Minister of Police Bheki Cele. Photograph:Phando Jikelo/African News Agency(ANA)

Durban - Police Minister, Bheki Cele has bowed down to pressure from protesting University of Zululand students who demanded he meet with them following a week of violent protests that saw students torch a police station, block roads and prevent neigbouring schools from opening following the shooting of a student during a house robbery off campus.

The shooting incident sparked a mass protest by UniZulu students who this week went on the rampage. They set a satellite police station in KwaDlangezwa alight, blockaded the R102 with tyres, trees and stones demanding that the university improve security off campus. The students also disrupted teaching at three local high schools after convincing pupils at the schools there to join their protest.

Chief among the student demands was that Cele meets with them so they could tell him their issues with security in and around the campus.

On Thursday, Cele acceded to the students demands for a meeting. 

In a statement after the meetings the minister's office said that Cele condemned the school closures and arson calling it unacceptable. “This is an act of criminality, those schools must be opened and pupils can’t be punished for issues they know nothing about. The authority of the state cant be disrespected, no matter what the complaint is, those who have burnt the police station must be brought to book,” he said.

In an effort to address the students concerns and resolve safety challenges on and off campus, Cele held a meeting with Transport, Community Safety MEC in KwaZulu-Natal, Bheki Ntuli attended by the institutions management council and head of security as well as the local Traditional Authority and local police management.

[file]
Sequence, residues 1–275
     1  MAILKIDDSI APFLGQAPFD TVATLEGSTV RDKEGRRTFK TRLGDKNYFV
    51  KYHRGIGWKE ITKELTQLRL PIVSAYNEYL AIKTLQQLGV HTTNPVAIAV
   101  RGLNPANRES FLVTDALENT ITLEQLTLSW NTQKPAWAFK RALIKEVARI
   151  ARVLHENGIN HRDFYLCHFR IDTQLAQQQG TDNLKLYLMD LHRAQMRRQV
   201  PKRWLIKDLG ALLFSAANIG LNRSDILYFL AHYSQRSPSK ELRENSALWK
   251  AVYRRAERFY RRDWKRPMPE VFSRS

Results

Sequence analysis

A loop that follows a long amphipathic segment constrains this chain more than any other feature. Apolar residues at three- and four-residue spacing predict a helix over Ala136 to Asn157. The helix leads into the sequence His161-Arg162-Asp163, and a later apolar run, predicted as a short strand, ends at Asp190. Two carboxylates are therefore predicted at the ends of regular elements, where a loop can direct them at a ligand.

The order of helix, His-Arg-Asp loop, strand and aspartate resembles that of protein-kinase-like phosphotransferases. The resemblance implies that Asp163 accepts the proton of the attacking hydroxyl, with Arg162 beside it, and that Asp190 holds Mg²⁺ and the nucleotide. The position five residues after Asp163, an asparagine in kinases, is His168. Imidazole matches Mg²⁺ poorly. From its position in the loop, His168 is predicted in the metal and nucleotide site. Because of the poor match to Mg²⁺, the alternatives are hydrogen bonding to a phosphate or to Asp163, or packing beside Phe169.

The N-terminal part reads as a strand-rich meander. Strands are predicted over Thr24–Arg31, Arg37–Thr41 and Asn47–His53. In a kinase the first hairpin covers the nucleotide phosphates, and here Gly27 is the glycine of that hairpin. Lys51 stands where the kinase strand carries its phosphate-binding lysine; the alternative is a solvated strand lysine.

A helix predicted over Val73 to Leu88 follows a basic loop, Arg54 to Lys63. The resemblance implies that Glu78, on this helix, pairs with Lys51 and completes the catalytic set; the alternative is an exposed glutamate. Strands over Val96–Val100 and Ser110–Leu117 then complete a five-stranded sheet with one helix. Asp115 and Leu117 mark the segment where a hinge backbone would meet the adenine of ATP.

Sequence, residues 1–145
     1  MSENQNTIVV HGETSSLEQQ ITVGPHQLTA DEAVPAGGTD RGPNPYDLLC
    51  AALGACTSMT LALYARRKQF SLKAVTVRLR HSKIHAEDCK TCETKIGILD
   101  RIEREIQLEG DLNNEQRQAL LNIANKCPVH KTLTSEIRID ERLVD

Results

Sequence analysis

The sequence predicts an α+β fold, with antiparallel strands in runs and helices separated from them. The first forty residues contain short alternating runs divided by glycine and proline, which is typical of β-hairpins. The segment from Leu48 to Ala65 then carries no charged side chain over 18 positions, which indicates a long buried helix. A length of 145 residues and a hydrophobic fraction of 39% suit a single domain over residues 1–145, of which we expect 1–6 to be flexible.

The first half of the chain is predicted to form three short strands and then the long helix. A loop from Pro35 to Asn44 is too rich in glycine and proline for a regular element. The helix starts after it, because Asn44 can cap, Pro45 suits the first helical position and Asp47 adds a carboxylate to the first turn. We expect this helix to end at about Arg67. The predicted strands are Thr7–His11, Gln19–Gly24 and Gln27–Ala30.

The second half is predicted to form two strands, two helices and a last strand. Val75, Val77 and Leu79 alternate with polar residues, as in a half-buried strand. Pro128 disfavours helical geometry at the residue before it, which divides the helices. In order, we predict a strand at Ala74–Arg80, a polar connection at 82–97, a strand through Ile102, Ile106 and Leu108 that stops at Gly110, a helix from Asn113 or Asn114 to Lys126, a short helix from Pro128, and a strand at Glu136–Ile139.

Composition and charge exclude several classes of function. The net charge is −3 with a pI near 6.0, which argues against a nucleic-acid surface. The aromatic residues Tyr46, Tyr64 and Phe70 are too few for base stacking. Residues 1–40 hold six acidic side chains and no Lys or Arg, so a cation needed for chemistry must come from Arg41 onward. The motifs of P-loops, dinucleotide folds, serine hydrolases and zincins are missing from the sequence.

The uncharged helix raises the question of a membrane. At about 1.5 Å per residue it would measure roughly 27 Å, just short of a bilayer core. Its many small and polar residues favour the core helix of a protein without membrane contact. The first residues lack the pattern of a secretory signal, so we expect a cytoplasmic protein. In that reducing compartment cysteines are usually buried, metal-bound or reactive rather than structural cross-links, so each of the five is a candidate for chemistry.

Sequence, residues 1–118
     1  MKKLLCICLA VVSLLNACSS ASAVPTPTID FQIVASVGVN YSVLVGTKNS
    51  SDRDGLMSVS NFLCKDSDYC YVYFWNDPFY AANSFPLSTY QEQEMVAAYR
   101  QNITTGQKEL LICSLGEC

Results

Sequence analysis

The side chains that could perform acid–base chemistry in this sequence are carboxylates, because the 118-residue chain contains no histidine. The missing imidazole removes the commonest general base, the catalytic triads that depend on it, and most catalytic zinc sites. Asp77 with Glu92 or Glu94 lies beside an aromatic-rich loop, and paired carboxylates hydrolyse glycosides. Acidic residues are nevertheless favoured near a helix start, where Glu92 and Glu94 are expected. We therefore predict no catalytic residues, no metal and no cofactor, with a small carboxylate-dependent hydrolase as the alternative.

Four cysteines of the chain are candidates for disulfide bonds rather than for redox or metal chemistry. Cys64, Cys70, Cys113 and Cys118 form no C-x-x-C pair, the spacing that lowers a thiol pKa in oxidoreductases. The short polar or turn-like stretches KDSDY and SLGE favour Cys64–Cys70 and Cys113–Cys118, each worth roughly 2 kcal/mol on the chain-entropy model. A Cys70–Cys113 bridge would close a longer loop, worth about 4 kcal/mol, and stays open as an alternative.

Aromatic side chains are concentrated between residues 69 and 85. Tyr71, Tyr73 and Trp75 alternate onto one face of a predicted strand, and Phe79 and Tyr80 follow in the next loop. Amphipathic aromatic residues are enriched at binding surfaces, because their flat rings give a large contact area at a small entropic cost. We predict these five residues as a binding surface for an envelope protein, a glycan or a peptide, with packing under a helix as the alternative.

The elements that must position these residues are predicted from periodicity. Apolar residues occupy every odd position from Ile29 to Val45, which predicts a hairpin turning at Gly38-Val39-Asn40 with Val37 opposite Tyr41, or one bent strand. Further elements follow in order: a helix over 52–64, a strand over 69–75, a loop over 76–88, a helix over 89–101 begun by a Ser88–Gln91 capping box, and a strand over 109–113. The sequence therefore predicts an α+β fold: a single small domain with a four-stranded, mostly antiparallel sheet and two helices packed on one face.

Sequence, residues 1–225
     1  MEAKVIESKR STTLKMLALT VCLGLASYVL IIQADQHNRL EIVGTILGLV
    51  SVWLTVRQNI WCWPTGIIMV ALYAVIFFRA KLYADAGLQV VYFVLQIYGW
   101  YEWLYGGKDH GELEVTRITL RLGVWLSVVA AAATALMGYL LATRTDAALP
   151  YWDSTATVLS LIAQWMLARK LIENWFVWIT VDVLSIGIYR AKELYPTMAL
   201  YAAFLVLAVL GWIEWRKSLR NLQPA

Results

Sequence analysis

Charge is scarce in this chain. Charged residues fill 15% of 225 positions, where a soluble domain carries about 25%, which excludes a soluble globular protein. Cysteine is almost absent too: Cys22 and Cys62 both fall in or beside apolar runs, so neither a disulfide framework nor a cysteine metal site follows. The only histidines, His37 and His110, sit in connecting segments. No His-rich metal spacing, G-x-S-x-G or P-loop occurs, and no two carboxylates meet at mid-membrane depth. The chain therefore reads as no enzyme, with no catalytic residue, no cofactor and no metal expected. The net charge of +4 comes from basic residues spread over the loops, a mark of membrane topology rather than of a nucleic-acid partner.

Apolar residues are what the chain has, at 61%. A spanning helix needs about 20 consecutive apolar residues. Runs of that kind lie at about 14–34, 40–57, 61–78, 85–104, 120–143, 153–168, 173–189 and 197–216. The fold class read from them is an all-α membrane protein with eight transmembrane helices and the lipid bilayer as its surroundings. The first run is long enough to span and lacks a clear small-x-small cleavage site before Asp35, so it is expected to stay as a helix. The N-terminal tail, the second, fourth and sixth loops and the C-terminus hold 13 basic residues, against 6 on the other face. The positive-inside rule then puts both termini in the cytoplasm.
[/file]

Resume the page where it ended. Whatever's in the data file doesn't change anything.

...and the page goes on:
According to the police ministry,  the university has admitted to facing security challenges such as inadequate access control to the campus and environmental designs such as poor lighting on campus and on roads used by students to access the campus from nearby off campus places of residence. The institution also admits that its surveillance system is not up to scratch.

"Minister Cele has called on a strengthened working relationship between the university and the police service,"  the police ministry said in a statement

"He’s encouraged by the local SAPS task team that has been set up to look into crimes committed against students. The team has already produced results and has arrested wanted suspects who have been terrorising the student community. While the University management says its working on an integrated security plan of action to improve their internal security, however it’s raised concerns that 80 percent of their student population lives outside campus grounds and often embark in risky behaviour which compromises their safety. General Cele has called for an urgent follow up meeting which will see students form part of the discussions to combat crime in the area alongside University management, local traditional authority and landlords renting out their properties to students".

The university remains closed.

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